The Rise and Prospects of Israeli Conservatism

By a number of measures Israeli sensibilities have always been fairly conservative, but conservatism as an ideology was long frowned upon—until recently. What’s next?

Supreme Court President Esther Hayut and other Supreme Court justices arrive for a hearing at the Supreme Court in Jerusalem on June 3, 2018. Yonatan Sindel/Flash90.
Jan. 2 2020
About the author

Moshe Koppel is a member of the department of computer science at Bar-Ilan University and chairman of the Kohelet Policy Forum in Jerusalem. His book, Judaism Straight Up: Why Real Religion Endures, was published by Maggid Books.

For more than a half-century, public debate in Israel has been dominated by two large sets of issues: externally, how to work for peace while maintaining maximum security; domestically, how to navigate the relationship between religion and state. But when it came to social and economic policy, debate gave way to across-the-board consensus: for decades, it was taken largely for granted that welfare-state economics and heavy government regulation made up the sine qua non of the good society.

The past few years, however, have seen a subtle yet quite dramatic change. Several new issues have become prominent in public debate, and acutely so during the recent election campaigns. The deficiencies and limitations of the regulatory welfare state are now openly discussed. So is the question of how to define Israel as the Jewish nation-state, and how to do so in terms of its national character—a question distinct from the persistent debates about religion and state.

Such issues happen to be central to the concerns of conservatives and classical liberals—and, indeed, more and more openly conservative voices have been making their views known. Thus, for example, a host of young politicians have championed far-reaching free-market reforms. For another example, after years of debate and gestation the Knesset last year passed a law declaring and defining Israel as the nation-state of the Jewish people and listing a number of specific manifestations of that definition (among them its flag, anthem, calendar, language, connection to the Jewish Diaspora, and immigration and settlement policies). In May 2019. the first annual conference on the subject of conservatism in Israel, sponsored by the Tikvah Fund, was held in Jerusalem, attracting wide media attention and close to one-thousand energetic and mostly young participants.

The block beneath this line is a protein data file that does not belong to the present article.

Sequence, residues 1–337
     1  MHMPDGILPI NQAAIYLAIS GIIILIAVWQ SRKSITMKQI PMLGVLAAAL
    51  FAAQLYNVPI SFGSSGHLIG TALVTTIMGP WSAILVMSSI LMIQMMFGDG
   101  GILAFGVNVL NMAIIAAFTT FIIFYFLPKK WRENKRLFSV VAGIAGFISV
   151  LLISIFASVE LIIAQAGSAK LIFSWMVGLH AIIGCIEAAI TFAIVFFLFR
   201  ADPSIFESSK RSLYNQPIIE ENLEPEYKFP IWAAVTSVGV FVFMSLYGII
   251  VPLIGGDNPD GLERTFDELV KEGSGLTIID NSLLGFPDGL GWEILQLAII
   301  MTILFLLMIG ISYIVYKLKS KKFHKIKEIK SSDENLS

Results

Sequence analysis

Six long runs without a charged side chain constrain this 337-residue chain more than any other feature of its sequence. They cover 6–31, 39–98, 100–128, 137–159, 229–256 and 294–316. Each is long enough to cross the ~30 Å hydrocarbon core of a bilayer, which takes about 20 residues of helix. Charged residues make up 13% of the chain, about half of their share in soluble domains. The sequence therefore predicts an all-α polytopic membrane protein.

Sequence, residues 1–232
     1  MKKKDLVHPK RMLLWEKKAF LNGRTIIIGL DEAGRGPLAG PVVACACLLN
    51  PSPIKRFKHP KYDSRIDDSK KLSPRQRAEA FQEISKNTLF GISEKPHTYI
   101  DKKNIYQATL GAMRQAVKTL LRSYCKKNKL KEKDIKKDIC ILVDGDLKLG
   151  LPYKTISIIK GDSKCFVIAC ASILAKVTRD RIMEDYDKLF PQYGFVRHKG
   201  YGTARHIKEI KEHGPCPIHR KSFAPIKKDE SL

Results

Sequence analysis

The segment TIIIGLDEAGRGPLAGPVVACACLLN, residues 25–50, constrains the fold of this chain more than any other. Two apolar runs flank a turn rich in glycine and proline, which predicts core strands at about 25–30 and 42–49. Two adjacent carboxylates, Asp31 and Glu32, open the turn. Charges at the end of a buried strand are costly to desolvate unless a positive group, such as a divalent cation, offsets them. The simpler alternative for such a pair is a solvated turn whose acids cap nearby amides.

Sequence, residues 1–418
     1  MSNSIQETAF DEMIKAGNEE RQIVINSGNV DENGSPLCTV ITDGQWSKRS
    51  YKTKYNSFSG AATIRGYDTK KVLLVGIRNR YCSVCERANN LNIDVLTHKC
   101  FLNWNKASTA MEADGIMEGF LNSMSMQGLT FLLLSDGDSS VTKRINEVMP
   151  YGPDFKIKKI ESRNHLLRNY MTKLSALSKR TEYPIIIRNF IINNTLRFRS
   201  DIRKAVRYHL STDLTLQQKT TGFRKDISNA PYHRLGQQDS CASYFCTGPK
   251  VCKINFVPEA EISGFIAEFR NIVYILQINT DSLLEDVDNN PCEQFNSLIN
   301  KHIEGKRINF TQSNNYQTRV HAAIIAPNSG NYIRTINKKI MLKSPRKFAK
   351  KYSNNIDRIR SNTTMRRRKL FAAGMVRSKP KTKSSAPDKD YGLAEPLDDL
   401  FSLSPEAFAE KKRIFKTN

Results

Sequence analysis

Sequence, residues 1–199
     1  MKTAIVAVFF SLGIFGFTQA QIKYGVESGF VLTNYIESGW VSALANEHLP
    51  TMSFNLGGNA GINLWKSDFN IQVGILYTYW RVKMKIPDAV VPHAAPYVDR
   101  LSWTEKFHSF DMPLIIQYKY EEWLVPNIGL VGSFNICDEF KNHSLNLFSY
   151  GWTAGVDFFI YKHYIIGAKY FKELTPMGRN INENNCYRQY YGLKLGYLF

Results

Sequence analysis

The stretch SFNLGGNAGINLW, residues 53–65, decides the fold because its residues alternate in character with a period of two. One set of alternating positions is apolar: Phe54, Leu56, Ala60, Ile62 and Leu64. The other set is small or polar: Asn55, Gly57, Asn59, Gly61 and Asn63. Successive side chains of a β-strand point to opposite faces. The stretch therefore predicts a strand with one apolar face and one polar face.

Clearly, then, something is in the air. How has it happened, and where is it headed?


Let’s begin with a curious fact: while the Israeli government’s policies have, for the most part, been anything but conservative—socialist is a more accurate term—Israeli society itself is rather conservative. To understand this latter fact, consider the three key components of what George Will calls the “conservative sensibility”:

  1. Great respect for tradition and cautious skepticism of revolutionary change.
  2. Identification with and concern for family, community, and nation.
  3. Jealous defense of individual liberty and economic freedom, along with resistance to forced collectivism and social engineering.

How does Israel score by these markers?

  1. Throughout the country a fair number of religious traditions are widely and seriously observed.
  2. Israeli families are on average both tight-knit and large. The average Israeli woman bears more than three children and, uniquely among OECD countries, even those women who identify as non-religious produce children at levels above replacement. In addition, when it comes to concern for the nation, most young Israelis serve in the military and many volunteer for extended duty.
  3. In the “Start-Up Nation,” the entrepreneurial spirit is very much in evidence.